Domestic Space in Classical Antiquity

Author : Lisa C. Nevett
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Housing is shaped by culturally-specific expectations about the kinds of architecture and furnishings that are appropriate; about how and where different activities should be carried out; and by and with whom. It is those expectations, and the wider social and cultural systems of which they are a part, that are explored in this volume. At the same time, the book as a whole argues two larger points: first, that while houses, households and families have in recent years become increasingly important as objects of inquiry in Greek and Roman contexts, their potential as sources of information about broader social-historical issues has yet to be fully realised; and second, that greater weight and independence should be given to material culture as a source for studying ancient history. The book will be invaluable for upper-level undergraduates, graduate students and scholars.

Food and Drink in Antiquity A Sourcebook

Author : John F. Donahue
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Interest in food and drink as an academic discipline has been growing significantly in recent years. This sourcebook is a unique asset to many courses on food as it offers a thematic approach to eating and drinking in antiquity. For classics courses focusing on ancient social history to introductory courses on the history of food and drink, as well as those offerings with a strong sociological or anthropological approach this volume provides an unparalleled compilation of essential source material. The chronological scope of the excerpts extends from Homer in the Eighth Century BCE to the Roman emperor Constantine in the Fourth Century CE. Each thematic chapter consists of an introduction along with a bibliography of suggested readings. Translated excerpts are then presented accompanied by an explanatory background paragraph identifying the author and context of each passage. Most of the evidence is literary, but additional sources - inscriptional, legal and religious - are also included.

The Invention of Racism in Classical Antiquity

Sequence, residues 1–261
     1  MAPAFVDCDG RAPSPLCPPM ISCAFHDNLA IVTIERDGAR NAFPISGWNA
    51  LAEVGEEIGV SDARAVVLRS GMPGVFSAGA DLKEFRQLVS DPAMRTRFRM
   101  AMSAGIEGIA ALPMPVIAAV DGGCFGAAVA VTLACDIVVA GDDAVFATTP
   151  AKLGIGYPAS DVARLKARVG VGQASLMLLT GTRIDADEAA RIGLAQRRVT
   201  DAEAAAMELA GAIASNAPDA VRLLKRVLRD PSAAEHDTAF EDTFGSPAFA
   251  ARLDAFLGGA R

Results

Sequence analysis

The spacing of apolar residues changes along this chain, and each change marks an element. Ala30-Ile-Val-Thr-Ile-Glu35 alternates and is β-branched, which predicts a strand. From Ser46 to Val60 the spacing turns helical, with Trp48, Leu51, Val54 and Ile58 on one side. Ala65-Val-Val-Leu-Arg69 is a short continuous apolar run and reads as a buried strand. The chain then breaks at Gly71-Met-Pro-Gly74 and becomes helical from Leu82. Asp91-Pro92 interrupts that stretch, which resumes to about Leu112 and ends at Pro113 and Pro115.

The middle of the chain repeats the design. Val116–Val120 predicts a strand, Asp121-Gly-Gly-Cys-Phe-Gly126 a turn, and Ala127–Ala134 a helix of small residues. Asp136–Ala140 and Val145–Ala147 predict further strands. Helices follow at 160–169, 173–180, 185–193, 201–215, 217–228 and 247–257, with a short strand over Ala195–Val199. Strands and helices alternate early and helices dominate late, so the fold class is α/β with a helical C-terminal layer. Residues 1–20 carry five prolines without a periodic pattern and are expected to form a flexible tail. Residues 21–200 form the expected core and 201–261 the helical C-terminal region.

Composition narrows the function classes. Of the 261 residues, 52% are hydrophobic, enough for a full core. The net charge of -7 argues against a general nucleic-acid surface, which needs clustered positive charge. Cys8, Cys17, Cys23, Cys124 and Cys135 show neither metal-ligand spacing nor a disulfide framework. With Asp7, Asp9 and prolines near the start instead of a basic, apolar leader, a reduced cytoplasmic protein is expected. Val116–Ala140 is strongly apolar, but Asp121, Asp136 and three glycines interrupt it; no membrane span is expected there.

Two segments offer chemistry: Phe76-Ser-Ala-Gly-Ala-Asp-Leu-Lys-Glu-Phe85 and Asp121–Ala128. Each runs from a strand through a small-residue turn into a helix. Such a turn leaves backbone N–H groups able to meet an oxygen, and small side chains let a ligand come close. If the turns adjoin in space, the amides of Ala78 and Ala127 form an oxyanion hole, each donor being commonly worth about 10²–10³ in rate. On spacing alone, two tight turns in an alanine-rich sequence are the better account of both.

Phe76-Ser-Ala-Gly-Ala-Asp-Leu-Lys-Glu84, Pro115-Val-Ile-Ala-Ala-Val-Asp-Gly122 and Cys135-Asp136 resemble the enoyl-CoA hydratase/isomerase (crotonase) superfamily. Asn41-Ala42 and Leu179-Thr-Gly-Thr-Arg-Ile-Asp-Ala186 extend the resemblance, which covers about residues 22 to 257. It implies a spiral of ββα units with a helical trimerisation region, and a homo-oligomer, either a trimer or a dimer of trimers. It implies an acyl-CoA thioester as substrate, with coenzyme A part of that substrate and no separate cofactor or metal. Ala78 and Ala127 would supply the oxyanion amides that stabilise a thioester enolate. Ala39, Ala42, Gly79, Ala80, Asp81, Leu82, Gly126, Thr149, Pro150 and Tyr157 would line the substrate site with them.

Author : Benjamin Isaac
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There was racism in the ancient world, after all. This groundbreaking book refutes the common belief that the ancient Greeks and Romans harbored "ethnic and cultural," but not racial, prejudice. It does so by comprehensively tracing the intellectual origins of racism back to classical antiquity. Benjamin Isaac's systematic analysis of ancient social prejudices and stereotypes reveals that some of those represent prototypes of racism--or proto-racism--which in turn inspired the early modern authors who developed the more familiar racist ideas. He considers the literature from classical Greece to late antiquity in a quest for the various forms of the discriminatory stereotypes and social hatred that have played such an important role in recent history and continue to do so in modern society. Magisterial in scope and scholarship, and engagingly written, The Invention of Racism in Classical Antiquity further suggests that an understanding of ancient attitudes toward other peoples sheds light not only on Greco-Roman imperialism and the ideology of enslavement (and the concomitant integration or non-integration) of foreigners in those societies, but also on the disintegration of the Roman Empire and on more recent imperialism as well. The first part considers general themes in the history of discrimination; the second provides a detailed analysis of proto-racism and prejudices toward particular groups of foreigners in the Greco-Roman world. The last chapter concerns Jews in the ancient world, thus placing anti-Semitism in a broader context.